Achalasia is an esophageal motility disorder characterized by an impaired lower esophageal sphincter (LES) relaxation and the absence of esophageal peristalsis, resulting in a functional outflow obstruction at the gastroesophageal junction (1,2). This rare disease has an incidence of 1.6 cases per 100,000 population a year (3,4).
From the manometric standpoint, cases of esophageal achalasia are distinguished on the grounds of three clinically relevant patterns according to the Chicago Classification (5). It is currently unclear whether they represent distinct entities or are part of a disease continuum with the possibility of transition from one pattern to another.
Recently we proposed the hypothesis that the three patterns might represent three different stages of the same disease (7). Here we report on four cases of patients with esophageal achalasia who moved from a pattern into another without any treatment, thus supporting this hypothesis.
A 76-year-old female outpatient was assessed for dysphagia, food regurgitation and chest pain elsewhere 3 years ago. Endoscopy suggested gastroesophageal reflux disease (GERD) due to a hypotonic cardia, although the absence of esophageal mucosal injuries or hiatal hernia. High-resolution manometry (HRM) of the esophagus revealed achalasia type III (with 4 premature contractions), however, with a median esophageal-gastric-junction (EGJ) basal pressure of 40.2 mmHg, and an integrated relaxation pressure (IRP) of 25 mmHg. Barium swallow showed an undilated esophagus with tertiary waves and slow transit of the barium through the cardia.
The patient refused any treatment at the time because her symptoms were mild and intermittent.
In 2018, she was re-admitted to our esophageal clinic complaining of progressive dysphagia and reported a weight loss of 5 kg within the last 6 months. A follow-up barium swallow showed a moderately dilated esophagus, while endoscopy revealed no difference compared with the procedure performed 3 years before. Esophageal HRM manometry was repeated, revealing a pattern II achalasia with an EGJ basal pressure of 52.7 mmHg, and an IRP of 33.8 mmHg.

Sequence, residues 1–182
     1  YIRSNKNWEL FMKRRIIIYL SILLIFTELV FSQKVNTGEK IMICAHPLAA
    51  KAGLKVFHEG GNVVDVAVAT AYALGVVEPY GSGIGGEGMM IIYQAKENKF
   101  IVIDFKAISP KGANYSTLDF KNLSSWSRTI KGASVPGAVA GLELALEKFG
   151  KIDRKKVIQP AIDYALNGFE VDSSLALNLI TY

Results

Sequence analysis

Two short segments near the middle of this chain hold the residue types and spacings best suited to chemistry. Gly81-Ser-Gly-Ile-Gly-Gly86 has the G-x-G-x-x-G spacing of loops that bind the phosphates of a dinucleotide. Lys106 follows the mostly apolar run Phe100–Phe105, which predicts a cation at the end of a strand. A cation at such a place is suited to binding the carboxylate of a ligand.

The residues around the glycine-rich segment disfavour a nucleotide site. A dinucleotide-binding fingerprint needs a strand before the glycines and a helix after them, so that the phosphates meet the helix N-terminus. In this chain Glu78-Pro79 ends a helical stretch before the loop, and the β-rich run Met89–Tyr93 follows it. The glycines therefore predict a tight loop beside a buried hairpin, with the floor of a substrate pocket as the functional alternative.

The patient underwent laparoscopic Heller myotomy with a Dor fundoplication and is currently symptom-free, 3 months after her surgical procedure.
A 76-year-old female underwent manometry and pH monitoring for symptoms typical of gastric reflux (heartburn and regurgitation) 3 years ago. A few months before coming to our attention, an endoscopy had been suggestive of a hypotensive LES. On HRM, her EGJ showed a normal basal pressure with a median IRP 15.3 mmHg (n.v. <15 mmHg). The motility of the esophageal body was normal. The picture emerging from pH monitoring was normal. Barium swallow showed an undilated esophagus with a normal transit through the cardia (Figure 3).
Eighteen months later, esophageal HRM was repeated because the patient started to complain of dysphagia and food regurgitation. Once again, the EGJ basal pressure, and relaxation were both normal. The esophageal body showed a 100% simultaneous contraction with 3 spastic waves, however, so achalasia type III was considered in spite of the normal IRP (Chicago Classification v3.0 and Salvador et al.) (5,7,8). We lost track of the patient for a year, then she returned to our laboratory for repeat manometry due to a worsening dysphagia. The new HRM revealed a typical type II achalasia, with a LES basal pressure of 45.3 mmHg and a severely impaired EGJ relaxation (IRP was 29.8 mmHg). Barium swallow showed a slow transit to the cardia (“bird’s beak” sign) with stasis in the distal part of the esophagus (Figure 4). The patient underwent laparoscopic Heller myotomy with a Dor fundoplication with complete symptoms resolution, also at 12 months after surgery.
A 63-year-old male complained intermittent non-cardiac chest pain in the last 5 years. One year ago, he developed also paradoxical dysphagia with mild regurgitation; he immediately underwent upper endoscopy that was negative and then to HRM. At this latter, EGJ showed a basal pressure of 42 mmHg but with an impaired post-deglutitive relaxation (median IRP 17.6 mmHg*s). The motility of the esophageal body was aperistaltic, with a combination of panpressurization and premature and spastic contractions (60% and 40%, respectively). The final report of the procedure was pattern III Achalasia.
Patient was informed of his pathology and a surgical procedure was proposed elsewhere. He preferred to ask for a second opinion because of the intermitting features of his symptoms.
After 6 months we decided to repeat an upper endoscopy, a barium swallow and HRM. At upper endoscopy a mild pop-opening at EGJ was noticed, with a small para-esophageal hernia; biopsy samples were negative for eosinophilic esophagitis. Barium swallow documented only mild spastic activity of the proximal esophageal body. HRM documented type II Achalasia pattern with 100% of panpressurization, EGJ resting pressure 46 mmHg and median IRP 23 mmHg*s.